On Target about Off Label: Social Media Guidelines
We know we have to use social media. But there are two big
questions. How to use it? And how not to use it?
This article is edited
from an interview by
Scott Nelson, founder
of Medsider, with Dr.
Mukesh Kumar, Sr.
Director of Regulatory
Affairs and Quality
Assurance for Amarex
Sales and marketing executives
in the life sciences industry have
massive amounts of data—some
proprietary, some licensed from
3rd parties, and unfortunately,
much of it siloed in a manner that’s
not necessarily streamlined and
accessible. But you know that.
What you may not know is exactly
how the smartest companies are
starting to draw meaningful intel-
ligence from these massive silos of
data, resulting in a higher yield on
their sales and marketing invest-
ments and distancing themselves
from less sophisticated competitors.
How are they establishing a competitive advantage? What can we
learn from their performance? The
following 4 Key Themes tell the
Identifying Obvious and
Sources of Data
Scott Nelson: Thank you for
joining us today, Dr. Kumar. For
the benefit of our listeners, Dr.
Kumar’s key expertise is in global,
regulatory and business processes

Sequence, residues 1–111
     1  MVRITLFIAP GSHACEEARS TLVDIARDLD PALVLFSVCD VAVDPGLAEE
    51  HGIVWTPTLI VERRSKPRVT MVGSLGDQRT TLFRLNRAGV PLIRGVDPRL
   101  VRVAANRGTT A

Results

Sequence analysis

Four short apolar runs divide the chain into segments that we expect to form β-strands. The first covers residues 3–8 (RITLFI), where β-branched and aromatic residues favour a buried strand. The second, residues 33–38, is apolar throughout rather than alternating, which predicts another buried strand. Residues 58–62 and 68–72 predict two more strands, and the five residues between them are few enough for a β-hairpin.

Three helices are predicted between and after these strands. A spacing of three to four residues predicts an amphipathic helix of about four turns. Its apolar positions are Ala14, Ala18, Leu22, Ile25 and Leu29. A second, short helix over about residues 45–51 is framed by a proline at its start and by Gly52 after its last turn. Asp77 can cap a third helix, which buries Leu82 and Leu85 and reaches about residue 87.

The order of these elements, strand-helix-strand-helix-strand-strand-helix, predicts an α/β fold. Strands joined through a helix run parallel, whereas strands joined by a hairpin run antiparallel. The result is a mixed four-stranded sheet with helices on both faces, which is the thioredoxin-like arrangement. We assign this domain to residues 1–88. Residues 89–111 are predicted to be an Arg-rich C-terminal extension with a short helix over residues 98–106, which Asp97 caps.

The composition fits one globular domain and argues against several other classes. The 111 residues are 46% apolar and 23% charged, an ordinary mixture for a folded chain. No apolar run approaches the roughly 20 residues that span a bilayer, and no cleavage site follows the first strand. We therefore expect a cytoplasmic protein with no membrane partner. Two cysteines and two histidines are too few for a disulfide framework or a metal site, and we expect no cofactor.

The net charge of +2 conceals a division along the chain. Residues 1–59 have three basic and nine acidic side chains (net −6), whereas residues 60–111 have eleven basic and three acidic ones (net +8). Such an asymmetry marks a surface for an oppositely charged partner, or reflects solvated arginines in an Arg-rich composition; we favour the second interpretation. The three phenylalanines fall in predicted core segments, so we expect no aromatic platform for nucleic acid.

for medical and diagnostic prod-
ucts. He’s a well-known expert in
global drug approval processes
as well and has been involved in
clinical trials in more than 60
countries. He holds a PhD in bio-
chemistry with a specialization in
virology, gene therapy and mo-
lecular biology. Dr. Kumar, I think
you’ve got an interesting story in
regard to a device that was recently
on the TV show Grey’s Anatomy
as it pertains to social media.
Mukesh Kumar: Certainly.
When we think of social media
we typically think of Twitter and
Facebook. But social media is bigger than that. It’s anything that is
in the public domain, on a website
or on a TV or radio program that
could be considered as an advertisement or marketing of a given
There was a warning letter issued
by FDA to a manufacturer of a
medical device in California conducting clinical trials on a cardiac
medical device. And their principal investigator (PI) knew one of
the writers on the TV show Grey’s
Anatomy, and he plugged the
device on one of the episodes, in
which the actors used that device
to treat a patient. And the PI acted
as a consultant and also had a brief
appearance on that episode.
The FDA found out about it and